Following two decades of a corrosive civil war and continuing carnage in Darfur, Sudan will be divided into two nations in July 2011. ICTJ works there to build awareness of victims’ rights and strengthen people’s understanding of relevant justice issues.
Since independence in 1956, Sudan experienced two civil wars between the north and south, in 1955–1972 and 1983–2005. Both were marked by atrocities against civilians, including systematic violence against women.
The conflict, fought largely over identity issues, regional autonomy and natural resources, left 2 million people dead and over 4 million displaced, primarily in southern Sudan.
War officially ended with the Comprehensive Peace Agreement (CPA) in 2005 between the Sudan People’s Liberation Movement (SPLM) and the government. The CPA included provisions to share oil revenues between the north and south, and six years of autonomy for the south—to be followed by a referendum on secession.
Conflict continues in Sudan’s western Darfur region. Since 2003, government forces and militias have fought against two rebel groups—the Sudan Liberation Movement (SLM) and the Justice and Equality Movement (JEM).
The government recruited local tribal militias to lead joint scorched-earth attacks against the rebels’ communities. Mass atrocities were repeatedly perpetrated with total impunity. An estimated 300,000 people were killed, and 2.5 million displaced to refugee camps. The splintering of both rebel groups and government militias into competing factions aggravated the violence.
Deeming that the situation in Darfur posed serious threats to international peace and security, the UN Security Council referred the situation to the International Criminal Court (ICC) in 2005. Between 2007 and 2010, the ICC issued four arrest warrants and three summonses to appear. Two of the arrest warrants were for President Omar al-Bashir for war crimes, crimes against humanity and genocide. He continues to hold office.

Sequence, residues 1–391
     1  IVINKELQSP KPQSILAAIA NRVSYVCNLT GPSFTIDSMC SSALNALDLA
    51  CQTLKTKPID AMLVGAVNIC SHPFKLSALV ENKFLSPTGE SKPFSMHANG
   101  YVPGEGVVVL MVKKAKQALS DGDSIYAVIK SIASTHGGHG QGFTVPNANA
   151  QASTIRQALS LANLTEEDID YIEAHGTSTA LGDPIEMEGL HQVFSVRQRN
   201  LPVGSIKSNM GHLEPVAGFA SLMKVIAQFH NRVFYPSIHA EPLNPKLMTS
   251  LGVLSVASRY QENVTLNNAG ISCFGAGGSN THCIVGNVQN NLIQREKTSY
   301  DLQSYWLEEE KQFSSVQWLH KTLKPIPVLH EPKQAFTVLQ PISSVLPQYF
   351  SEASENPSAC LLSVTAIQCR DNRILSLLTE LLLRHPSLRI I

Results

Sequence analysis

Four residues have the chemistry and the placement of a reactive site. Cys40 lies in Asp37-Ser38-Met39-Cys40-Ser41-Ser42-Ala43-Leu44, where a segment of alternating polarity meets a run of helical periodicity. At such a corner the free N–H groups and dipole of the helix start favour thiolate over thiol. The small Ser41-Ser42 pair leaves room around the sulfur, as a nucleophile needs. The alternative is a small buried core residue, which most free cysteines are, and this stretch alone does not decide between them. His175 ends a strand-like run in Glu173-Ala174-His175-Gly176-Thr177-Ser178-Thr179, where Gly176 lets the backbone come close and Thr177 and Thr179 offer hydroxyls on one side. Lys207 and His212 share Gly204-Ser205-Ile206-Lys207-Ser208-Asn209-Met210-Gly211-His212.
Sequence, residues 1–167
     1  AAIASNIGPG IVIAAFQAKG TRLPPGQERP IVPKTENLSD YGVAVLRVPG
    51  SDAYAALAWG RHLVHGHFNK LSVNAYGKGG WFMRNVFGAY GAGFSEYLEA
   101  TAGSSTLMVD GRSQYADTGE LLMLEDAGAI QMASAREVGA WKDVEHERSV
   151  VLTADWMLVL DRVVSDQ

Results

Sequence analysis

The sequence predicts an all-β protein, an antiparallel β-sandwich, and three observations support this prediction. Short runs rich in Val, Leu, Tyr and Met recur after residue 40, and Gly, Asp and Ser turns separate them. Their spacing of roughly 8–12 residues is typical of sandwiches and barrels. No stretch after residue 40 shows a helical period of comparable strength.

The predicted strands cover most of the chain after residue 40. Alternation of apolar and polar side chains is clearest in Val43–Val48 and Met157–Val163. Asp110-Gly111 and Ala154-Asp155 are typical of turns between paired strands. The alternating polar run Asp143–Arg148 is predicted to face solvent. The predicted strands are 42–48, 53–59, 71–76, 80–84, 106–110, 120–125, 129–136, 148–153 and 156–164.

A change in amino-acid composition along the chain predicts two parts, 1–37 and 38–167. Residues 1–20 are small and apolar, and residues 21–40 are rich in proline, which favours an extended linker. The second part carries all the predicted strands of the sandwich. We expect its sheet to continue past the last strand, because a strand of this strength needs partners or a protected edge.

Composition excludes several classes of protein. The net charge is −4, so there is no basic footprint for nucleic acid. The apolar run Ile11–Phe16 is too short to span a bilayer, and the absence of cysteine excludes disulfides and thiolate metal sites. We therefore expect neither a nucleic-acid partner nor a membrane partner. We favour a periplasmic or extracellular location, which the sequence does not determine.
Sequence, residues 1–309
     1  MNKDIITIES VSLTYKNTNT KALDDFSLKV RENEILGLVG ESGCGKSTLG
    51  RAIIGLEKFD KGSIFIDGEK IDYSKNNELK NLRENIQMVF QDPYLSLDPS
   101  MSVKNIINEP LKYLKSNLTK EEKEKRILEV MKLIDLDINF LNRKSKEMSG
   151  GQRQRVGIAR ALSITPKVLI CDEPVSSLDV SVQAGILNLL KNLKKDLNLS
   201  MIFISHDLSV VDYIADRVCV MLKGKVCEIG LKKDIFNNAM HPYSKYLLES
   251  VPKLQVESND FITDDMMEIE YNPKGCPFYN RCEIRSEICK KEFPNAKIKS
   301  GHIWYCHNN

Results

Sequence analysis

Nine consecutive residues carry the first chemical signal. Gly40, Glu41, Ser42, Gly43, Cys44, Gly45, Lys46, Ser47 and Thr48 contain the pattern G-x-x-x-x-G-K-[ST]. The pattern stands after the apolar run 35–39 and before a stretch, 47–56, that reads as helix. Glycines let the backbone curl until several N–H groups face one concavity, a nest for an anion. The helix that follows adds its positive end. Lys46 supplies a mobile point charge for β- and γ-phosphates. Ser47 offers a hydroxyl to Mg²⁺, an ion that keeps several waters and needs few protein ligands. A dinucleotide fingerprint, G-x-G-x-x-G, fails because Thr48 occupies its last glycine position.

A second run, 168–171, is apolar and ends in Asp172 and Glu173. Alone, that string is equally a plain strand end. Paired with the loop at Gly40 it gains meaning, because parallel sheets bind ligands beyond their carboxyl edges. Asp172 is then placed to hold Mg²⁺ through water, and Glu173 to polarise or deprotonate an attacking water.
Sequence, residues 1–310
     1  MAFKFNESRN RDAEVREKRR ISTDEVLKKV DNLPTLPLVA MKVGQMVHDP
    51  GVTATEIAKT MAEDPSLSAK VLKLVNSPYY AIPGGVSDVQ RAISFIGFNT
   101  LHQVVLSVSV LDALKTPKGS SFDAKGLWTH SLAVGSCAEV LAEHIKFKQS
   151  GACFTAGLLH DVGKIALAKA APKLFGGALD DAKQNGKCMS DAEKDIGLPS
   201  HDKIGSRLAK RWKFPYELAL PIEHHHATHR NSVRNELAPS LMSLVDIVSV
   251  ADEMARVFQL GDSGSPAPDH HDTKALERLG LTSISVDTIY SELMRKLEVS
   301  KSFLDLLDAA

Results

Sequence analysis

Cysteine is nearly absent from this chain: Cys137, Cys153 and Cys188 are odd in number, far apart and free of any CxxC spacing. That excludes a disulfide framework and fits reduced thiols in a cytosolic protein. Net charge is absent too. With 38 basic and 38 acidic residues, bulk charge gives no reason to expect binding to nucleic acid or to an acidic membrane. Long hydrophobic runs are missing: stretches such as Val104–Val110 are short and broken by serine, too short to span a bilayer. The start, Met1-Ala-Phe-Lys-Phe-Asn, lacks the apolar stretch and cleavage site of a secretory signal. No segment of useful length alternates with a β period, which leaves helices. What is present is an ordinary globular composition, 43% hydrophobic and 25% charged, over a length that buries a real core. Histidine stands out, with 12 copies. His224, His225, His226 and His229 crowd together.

In February 2011, southern Sudanese citizens voted for independence from the North. Religious, economic, and political tensions run high. The two nations must work out how to share oil revenues—the oil is in the south, and the infrastructure in the north. They also must deal with religious and ethnic conflicts.
To date, Sudan’s transitional justice efforts have produced scant results. In 2006 authorities in the south created a human rights commission and a commission for peace and reconciliation. The commissions have made progress in monitoring and reporting on ongoing abuses, but truth-telling and accountability efforts remain weak.
Little has been done to date to address the continuing conflict in Darfur.
We share our knowledge of other countries’ transitional justice strategies and policies, to empower the Sudanese to create their own.